Cyanobacteria, The Blue-Green Algae

By Matthew Huber, MS

(bacteria and informally called “blue-green algae”)

Blue-green algae make up the division Cyanophyta in the kingdom Eubacteria.  Cynanbacteria differ from other types of bacteria in that they have chlorophyll a, which other photosynthetic bacteria don’t have.   They are prokaryotic (no membrane-bound organelles), they have only a haploid life cycle (while all algae life cycles have an alteration of generation), they reproduce through fission, they don’t have cellulose in their cell walls, their DNA is not associated with histone proteins in their chromosomes (unlike algae and other plants) (Clark, 1998).

Cyanobacteria gets its common name from the blue-green pigment, phycocyanin, which along with chlorophyll a gives cyanobacteria a blue-green appearance. Phycocyanin is a protein that functions as the photosynthetic pigment in photosystem II, whereas in plants chlorophyll b is the pigment in photosystem II (Clark, 1998).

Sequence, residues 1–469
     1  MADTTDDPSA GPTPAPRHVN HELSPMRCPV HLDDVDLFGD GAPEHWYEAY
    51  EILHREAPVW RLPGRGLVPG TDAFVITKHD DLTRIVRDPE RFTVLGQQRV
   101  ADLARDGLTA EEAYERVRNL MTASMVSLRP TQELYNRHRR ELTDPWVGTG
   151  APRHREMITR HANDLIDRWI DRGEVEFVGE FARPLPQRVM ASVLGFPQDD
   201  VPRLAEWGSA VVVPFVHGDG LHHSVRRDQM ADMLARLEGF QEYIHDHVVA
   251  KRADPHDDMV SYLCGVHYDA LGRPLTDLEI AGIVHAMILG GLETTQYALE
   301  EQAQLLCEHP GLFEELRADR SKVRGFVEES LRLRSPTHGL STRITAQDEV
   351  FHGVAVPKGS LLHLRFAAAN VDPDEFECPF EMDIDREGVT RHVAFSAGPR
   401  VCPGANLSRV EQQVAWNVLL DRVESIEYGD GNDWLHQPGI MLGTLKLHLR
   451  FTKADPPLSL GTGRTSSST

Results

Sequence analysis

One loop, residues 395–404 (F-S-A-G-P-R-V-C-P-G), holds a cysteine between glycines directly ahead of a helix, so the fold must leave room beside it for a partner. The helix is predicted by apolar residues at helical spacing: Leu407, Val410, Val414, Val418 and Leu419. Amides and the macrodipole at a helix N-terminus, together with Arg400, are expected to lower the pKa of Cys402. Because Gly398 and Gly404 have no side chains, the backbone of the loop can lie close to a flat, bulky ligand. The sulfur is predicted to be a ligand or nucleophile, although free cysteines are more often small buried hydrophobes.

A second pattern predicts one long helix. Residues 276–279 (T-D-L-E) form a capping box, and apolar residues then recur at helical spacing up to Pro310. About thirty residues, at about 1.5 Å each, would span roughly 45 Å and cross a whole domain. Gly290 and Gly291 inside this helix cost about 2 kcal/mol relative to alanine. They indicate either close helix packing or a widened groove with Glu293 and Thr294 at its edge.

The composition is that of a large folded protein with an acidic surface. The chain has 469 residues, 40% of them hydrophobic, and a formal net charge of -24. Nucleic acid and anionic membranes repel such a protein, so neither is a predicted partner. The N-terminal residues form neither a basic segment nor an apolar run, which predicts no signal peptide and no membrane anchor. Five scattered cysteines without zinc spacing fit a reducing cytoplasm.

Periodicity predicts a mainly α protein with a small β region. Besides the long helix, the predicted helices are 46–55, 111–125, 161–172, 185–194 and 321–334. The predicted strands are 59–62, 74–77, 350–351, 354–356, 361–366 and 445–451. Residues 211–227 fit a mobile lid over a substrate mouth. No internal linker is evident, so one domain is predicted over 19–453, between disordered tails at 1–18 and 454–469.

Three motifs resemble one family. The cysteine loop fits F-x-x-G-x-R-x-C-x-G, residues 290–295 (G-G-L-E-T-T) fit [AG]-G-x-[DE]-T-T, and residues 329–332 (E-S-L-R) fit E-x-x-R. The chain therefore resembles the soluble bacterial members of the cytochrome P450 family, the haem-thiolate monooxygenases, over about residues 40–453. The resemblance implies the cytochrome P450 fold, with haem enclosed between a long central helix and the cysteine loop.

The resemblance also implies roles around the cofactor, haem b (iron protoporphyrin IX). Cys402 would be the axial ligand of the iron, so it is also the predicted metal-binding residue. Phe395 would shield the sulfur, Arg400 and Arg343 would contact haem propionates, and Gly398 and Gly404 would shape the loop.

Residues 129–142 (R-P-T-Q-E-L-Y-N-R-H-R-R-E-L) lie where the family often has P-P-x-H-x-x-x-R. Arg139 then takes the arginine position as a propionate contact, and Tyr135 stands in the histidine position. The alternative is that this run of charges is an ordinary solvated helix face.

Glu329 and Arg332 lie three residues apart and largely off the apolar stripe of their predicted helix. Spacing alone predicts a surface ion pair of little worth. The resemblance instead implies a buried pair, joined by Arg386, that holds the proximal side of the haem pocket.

Cyanobacteria have a wide variety of habitats that range from frozen lakes, to acidic bogs, to deserts and volcanoes. They are most commonly found in alkaline aquatic environments (but also in aquatic environments ranging in salinity and acidity), they can also be found in soil, on rocks, and even in the atmosphere (Bold, 1985).